Microsoft’s Internet Explorer development team has confirmed there will be a browser extension system for Project Spartan, meaning developers will be able to extend its functionality with software that can be built directly into the browser.
“Yes. We’re working on a plan for extensions to a future update to ‘Project Spartan,’ the developer relations team for IE said during a Q&A chat on Twitter Tuesday.
The news is significant since it indicates some type of a developer ecosystem will evolve around the browser, allowing functions to be added that are not supported natively. Such extensions could allow tabs to be given specific color codes, or allow bookmarks to be catalogued in new ways, or Web pages to be archived locally.
Google Chrome and Mozilla Firefox have their own systems for adding functionality to those browsers. The Microsoft developers didn’t say if the Spartan extensions will be available through the Windows 10 Store, which is being remodeled for the new OS.
The team also eliminated any doubt that Spartan will become the default Windows 10 browser. “IE will be available for Windows 10 and can [be] enabled by the user,” they said in one tweet.
“Spartan is the successor for both desktop and modern IE,” they said in another. “It will be finger friendly on touch machines,” indicating that Spartan will likely follow Microsoft’s Continuum design methodology, discussed at the Windows 10 preview events.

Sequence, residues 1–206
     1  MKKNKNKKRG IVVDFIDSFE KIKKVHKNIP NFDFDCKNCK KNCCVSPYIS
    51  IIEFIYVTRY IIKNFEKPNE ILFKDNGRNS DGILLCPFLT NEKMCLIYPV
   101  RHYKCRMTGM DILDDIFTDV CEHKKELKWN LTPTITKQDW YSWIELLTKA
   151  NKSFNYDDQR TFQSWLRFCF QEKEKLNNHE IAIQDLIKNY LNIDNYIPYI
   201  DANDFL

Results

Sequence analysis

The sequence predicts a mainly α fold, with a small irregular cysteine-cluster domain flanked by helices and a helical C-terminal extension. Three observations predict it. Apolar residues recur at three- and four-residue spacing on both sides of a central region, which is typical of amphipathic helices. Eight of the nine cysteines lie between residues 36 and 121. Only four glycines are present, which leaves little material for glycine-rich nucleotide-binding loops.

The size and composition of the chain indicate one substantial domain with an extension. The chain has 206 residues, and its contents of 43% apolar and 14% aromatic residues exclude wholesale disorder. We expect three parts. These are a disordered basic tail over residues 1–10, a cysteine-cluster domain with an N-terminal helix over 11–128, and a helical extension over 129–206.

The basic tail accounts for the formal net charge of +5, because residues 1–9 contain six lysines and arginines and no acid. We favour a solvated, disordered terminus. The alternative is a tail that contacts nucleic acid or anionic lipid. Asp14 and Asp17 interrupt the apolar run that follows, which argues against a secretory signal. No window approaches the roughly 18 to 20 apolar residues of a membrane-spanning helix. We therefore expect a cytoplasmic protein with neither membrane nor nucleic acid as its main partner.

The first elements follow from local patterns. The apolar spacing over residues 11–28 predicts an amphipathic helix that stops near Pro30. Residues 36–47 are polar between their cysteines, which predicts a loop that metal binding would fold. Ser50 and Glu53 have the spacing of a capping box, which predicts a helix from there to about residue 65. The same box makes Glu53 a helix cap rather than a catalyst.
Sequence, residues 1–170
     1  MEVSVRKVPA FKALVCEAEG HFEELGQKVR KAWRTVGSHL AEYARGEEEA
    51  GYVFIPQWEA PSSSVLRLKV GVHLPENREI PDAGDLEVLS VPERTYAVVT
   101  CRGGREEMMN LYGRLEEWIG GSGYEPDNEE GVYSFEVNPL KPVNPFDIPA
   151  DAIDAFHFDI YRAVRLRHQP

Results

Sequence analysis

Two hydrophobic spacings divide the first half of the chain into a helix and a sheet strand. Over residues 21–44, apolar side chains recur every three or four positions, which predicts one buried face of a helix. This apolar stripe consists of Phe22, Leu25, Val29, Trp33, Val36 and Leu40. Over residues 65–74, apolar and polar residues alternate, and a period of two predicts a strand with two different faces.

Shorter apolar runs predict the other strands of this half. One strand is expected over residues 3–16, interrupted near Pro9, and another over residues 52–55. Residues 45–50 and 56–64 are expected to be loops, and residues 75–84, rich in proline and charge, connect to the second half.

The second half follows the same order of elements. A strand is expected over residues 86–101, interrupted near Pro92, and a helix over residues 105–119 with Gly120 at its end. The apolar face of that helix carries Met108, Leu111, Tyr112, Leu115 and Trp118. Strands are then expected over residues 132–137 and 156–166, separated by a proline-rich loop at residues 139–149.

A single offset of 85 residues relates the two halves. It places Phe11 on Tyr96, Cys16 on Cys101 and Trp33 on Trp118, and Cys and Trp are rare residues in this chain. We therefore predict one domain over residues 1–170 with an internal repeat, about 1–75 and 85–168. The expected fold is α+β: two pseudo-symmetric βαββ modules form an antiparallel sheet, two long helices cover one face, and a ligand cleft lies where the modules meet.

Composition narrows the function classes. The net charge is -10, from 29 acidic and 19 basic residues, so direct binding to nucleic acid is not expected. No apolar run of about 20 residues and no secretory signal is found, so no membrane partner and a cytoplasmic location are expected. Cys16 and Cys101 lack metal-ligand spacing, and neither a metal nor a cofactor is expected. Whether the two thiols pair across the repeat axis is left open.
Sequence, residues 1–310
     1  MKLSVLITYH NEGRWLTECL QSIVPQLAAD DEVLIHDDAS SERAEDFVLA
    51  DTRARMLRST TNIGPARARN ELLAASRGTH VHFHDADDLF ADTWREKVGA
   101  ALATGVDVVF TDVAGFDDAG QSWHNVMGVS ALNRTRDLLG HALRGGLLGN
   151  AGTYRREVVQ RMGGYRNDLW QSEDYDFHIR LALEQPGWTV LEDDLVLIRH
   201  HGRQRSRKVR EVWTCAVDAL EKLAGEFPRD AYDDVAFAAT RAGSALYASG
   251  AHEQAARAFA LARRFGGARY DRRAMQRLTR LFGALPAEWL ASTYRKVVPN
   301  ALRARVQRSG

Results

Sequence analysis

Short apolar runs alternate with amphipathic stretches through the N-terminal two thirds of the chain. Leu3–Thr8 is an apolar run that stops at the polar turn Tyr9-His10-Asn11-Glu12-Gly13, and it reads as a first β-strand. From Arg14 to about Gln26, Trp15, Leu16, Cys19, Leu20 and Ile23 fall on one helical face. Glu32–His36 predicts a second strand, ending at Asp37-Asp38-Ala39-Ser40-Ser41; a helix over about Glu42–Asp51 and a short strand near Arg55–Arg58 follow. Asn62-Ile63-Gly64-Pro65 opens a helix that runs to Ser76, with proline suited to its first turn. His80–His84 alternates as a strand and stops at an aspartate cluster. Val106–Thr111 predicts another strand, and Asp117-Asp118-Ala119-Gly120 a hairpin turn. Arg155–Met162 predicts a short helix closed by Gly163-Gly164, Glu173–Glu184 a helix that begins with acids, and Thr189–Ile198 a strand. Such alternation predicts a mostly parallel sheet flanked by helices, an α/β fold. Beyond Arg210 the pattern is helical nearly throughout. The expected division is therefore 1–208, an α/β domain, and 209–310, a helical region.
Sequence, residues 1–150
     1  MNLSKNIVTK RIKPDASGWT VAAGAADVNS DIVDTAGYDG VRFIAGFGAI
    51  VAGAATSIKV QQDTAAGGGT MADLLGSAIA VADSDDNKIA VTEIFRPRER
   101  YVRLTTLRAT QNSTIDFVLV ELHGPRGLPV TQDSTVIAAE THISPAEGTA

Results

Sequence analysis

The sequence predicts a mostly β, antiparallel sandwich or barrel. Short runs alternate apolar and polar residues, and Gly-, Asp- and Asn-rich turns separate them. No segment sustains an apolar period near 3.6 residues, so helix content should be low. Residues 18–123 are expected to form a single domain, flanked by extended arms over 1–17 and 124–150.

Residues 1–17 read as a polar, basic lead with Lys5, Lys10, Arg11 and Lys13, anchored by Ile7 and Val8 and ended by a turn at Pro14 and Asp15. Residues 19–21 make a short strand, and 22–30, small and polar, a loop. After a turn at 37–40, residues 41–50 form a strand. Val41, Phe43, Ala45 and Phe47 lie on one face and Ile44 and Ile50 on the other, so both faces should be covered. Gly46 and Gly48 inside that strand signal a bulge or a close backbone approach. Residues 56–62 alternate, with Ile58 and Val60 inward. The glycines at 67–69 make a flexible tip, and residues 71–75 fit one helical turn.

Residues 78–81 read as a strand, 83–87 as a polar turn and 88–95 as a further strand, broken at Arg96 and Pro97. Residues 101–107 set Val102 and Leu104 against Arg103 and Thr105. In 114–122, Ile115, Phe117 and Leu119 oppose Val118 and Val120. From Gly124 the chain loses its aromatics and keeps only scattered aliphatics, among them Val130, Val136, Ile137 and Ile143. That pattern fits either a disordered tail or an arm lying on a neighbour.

While Spartan will be the default browser in Windows 10, Microsoft has indicated that users will have the option to enable IE if they wish. In the latest Windows 10 Technical Preview build, “Internet Explorer 11” is clearly listed as one of the features users can turn on or off by checking a box.
The team didn’t describe Tuesday how Windows 10 users will activate IE 11, but in Windows 8.1, “legacy features” such as DirectPlay, and add-ons such as Windows Media Player, are added by means of a dialog box called “Turn Windows Features on or off.”
Spartan didn’t ship with the Technical Preview of Windows 10, but a Web page that displays when the OS preview is installed indicate that the first developer builds of the browser will be offered separately in the coming days.